When reviewing a district court's order denying a motion to suppress, we review findings of fact for clear error but exercise plenary review over legal determinations. United States v. Lewis, 672 F.3d 232, 236-37 (3d Cir. 2012). “A finding is clearly erroneous when although there is evidence to support it” we are “left with the definite and firm conviction that a mistake has been committed.” United States v. Price, 558 F.3d 270, 276-77 (3d Cir. 2009) (quoting United States v. Pelullo, 173 F.3d 131, 135 (3d Cir. 1999)). In other words, if the district court's finding is “plausible in light of the record viewed in its entirety,” we will not reverse it even if we “would have weighed the evidence differently.” Id. (citation omitted). On review, we construe the record in the light most favorable to the government. United States v. Myers, 308 F.3d 251, 255 (3d Cir. 2002).
Haywood challenges only the District Court's factual findings at the evidentiary hearing. His challenge is predicated on five arguments. First, he was wearing a heavy sweatshirt on the day of his arrest — not a lightweight shirt as Detective Ribeiro testified — rendering it unlikely that Detective Ribeiro could have seen a bulge through the thick material. Second, the video supports Haywood's contention that his vest was closed, which would have obstructed Detective Ribeiro's ability to see the gun. Third, because of the truck's position relative to Haywood, Detective Ribeiro could not have had a view of Haywood's right side when he claims to have seen the handle protruding from Haywood's pocket. Fourth, contrary to the officer's testimony, the video shows that Detective Ribeiro frisked Haywood's midsection instead of reaching immediately for the right pocket. Fifth, the video shows that the officers looked “surprised” when they discovered Haywood's gun, indicating that they did not expect to find a weapon. Haywood contends that these inconsistencies compromise the testifying officers' credibility and undermine their claim that they stopped Haywood because Detective Ribeiro suspected that Haywood had a gun.
At best, Haywood posits interpretations of the evidence that are plausible alternatives to those offered by the government and found by the District Court. For example, the video does not clearly show whether Haywood's vest was open or closed, or whether Detective Ribeiro first frisked Haywood's midsection instead of reaching directly for Haywood's right pocket. But Haywood does not point to evidence that leaves us with a “definite and firm conviction that a mistake has been committed.” Price, 558 F.3d at 277. For instance, regardless of whether the officers arguably appear “surprised” by the discovery of the gun, such behavior is consistent with the officers' testimony that Detective Ribeiro did not tell his colleagues when he spotted the gun handle protruding from Haywood's pocket. Additionally, we have no basis on which to conclude that the heavier fabric of Haywood's sweatshirt would have concealed the gun from Detective's Ribeiro's view, and any mistake in the officers' description of Haywood's clothing does not disturb the deference we owe to the District Court's finding that the officers' testimony was otherwise forthright and credible. Especially when construing the record in the light most favorable to the government, none of Haywood's theories entails a conclusion that the District Court committed clear error.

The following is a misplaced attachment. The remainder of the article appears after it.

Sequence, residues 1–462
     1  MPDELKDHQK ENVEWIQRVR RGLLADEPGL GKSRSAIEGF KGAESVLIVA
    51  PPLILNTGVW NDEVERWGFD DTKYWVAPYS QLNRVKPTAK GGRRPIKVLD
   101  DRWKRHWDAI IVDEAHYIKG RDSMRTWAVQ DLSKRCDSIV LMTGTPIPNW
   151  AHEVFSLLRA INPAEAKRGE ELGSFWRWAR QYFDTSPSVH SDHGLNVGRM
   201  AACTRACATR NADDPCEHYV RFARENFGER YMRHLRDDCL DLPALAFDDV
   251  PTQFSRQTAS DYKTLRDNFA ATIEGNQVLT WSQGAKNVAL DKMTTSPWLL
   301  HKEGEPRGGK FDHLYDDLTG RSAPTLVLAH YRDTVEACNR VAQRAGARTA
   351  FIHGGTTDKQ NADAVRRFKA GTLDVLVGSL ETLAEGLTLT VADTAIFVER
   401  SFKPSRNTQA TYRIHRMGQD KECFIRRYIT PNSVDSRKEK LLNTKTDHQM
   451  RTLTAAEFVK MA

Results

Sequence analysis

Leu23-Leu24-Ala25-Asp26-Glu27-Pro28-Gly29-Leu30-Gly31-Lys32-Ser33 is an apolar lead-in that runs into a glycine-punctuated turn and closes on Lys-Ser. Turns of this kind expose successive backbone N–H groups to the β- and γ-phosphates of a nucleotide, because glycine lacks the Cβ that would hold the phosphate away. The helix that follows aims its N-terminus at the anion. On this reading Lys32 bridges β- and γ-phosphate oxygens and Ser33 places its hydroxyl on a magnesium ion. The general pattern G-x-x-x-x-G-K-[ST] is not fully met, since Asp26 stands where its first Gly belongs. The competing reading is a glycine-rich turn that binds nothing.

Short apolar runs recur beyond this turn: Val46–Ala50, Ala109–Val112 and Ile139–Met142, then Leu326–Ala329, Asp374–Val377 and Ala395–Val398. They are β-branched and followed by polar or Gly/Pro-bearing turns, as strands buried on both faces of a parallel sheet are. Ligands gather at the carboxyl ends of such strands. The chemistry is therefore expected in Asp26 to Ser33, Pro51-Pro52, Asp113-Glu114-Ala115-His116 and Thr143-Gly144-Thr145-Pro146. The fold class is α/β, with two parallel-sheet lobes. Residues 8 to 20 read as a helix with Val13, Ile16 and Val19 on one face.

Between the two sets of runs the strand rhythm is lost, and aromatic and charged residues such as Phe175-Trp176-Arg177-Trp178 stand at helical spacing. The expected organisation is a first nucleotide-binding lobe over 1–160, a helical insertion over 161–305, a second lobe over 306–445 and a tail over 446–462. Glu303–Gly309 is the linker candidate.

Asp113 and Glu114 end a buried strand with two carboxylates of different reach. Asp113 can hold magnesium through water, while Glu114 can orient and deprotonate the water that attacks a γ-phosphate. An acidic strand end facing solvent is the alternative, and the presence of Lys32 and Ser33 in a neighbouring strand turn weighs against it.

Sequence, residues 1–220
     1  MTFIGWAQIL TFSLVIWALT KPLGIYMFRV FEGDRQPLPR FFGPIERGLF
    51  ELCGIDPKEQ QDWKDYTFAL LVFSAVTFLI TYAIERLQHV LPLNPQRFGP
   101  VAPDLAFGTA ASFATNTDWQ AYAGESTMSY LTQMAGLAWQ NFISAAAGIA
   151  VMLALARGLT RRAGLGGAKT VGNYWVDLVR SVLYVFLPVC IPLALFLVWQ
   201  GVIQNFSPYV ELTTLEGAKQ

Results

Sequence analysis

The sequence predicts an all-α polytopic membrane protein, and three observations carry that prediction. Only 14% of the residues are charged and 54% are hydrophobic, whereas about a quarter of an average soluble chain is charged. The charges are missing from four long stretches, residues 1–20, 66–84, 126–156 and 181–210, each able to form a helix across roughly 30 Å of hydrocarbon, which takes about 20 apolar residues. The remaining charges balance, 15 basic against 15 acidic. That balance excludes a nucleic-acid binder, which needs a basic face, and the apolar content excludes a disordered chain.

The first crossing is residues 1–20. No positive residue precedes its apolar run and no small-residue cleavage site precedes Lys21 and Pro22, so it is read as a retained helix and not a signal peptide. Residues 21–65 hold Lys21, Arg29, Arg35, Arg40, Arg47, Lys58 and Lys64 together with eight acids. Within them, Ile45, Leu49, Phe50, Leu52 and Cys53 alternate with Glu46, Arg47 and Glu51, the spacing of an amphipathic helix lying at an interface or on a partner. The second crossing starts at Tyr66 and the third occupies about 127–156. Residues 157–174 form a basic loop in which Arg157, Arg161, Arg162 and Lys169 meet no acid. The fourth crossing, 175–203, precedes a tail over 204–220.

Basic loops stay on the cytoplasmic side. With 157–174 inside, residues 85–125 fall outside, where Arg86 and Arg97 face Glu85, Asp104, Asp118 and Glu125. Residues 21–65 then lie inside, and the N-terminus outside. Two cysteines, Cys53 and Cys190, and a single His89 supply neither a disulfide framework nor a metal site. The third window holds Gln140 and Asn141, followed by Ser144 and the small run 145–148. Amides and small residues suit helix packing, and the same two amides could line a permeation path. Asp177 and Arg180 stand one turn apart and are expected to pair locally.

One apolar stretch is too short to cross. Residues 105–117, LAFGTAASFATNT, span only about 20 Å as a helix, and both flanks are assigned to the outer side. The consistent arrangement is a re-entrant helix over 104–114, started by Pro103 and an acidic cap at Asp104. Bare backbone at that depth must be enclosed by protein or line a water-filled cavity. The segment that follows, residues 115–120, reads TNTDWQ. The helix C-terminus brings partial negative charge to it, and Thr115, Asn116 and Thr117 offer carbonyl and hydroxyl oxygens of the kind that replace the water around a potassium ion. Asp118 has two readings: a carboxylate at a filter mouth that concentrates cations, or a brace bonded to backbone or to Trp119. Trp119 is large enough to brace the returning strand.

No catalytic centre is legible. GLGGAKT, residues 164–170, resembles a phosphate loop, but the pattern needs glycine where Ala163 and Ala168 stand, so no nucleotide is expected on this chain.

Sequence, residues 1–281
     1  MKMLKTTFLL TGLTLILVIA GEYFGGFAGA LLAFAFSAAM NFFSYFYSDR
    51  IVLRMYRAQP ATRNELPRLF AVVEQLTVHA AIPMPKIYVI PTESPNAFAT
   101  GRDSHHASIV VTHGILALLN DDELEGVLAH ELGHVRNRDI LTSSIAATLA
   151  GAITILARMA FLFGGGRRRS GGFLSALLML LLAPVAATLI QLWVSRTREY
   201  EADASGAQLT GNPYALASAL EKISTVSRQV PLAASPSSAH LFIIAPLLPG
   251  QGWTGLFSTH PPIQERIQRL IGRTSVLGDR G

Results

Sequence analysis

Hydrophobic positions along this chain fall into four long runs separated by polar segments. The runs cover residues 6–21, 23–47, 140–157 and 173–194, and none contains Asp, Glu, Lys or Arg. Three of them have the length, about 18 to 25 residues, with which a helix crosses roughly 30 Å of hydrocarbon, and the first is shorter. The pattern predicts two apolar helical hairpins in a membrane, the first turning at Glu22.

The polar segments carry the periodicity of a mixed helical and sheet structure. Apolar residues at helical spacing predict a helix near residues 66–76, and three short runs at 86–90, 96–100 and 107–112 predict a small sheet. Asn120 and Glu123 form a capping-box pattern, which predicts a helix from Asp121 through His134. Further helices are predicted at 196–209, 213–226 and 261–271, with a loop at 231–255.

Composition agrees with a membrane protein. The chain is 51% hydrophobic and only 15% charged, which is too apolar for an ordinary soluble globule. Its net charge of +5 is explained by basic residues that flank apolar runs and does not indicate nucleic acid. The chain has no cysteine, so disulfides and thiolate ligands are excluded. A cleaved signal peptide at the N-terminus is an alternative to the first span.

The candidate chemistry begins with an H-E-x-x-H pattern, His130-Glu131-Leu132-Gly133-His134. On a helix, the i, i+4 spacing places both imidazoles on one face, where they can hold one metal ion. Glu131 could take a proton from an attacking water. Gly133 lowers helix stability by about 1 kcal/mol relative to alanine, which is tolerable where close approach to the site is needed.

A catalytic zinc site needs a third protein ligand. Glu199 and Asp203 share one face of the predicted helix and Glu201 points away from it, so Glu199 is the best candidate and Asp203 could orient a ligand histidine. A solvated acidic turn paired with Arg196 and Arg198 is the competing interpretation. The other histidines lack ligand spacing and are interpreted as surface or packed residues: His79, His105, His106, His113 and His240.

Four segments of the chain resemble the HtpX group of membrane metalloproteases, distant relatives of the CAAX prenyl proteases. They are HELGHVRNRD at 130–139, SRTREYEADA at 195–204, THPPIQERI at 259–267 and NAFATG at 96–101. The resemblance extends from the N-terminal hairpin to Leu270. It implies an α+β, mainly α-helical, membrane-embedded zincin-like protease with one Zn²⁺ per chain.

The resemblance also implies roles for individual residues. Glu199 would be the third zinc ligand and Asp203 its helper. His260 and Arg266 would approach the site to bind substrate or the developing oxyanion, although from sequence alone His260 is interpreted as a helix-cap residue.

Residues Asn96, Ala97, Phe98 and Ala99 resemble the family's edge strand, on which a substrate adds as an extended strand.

For the foregoing reasons, we will affirm the judgment of the District Court.
1. The police were patrolling this particular neighborhood as part of the TIDE program, a state initiative designed to increase police presence in areas afflicted with high incidents of violent crime.
2. At the suppression hearing, Detective DeMattia also testified that Haywood's vest was open. According to Haywood, his vest was closed.
3. Haywood initially entered an unconditional guilty plea after the District Court's decision on the suppression motion, but later withdrew his plea and entered a new conditional plea pursuant to Federal Rule of Criminal Procedure 11(a)(2).
4. Specifically, the Court found that the video shows Haywood's back and thus does not, as Haywood argues, show whether Haywood's vest was open or closed. The Court also found the video to show that Detective Ribeiro immediately reached for Haywood's right pocket to retrieve the gun.
5. The District Court had original jurisdiction over this matter pursuant to 18 U.S.C. § 3231. We have appellate jurisdiction over the District Court's denial of Haywood's motion to suppress under 28 U.S.C. § 1291.
CHAGARES, Circuit Judge.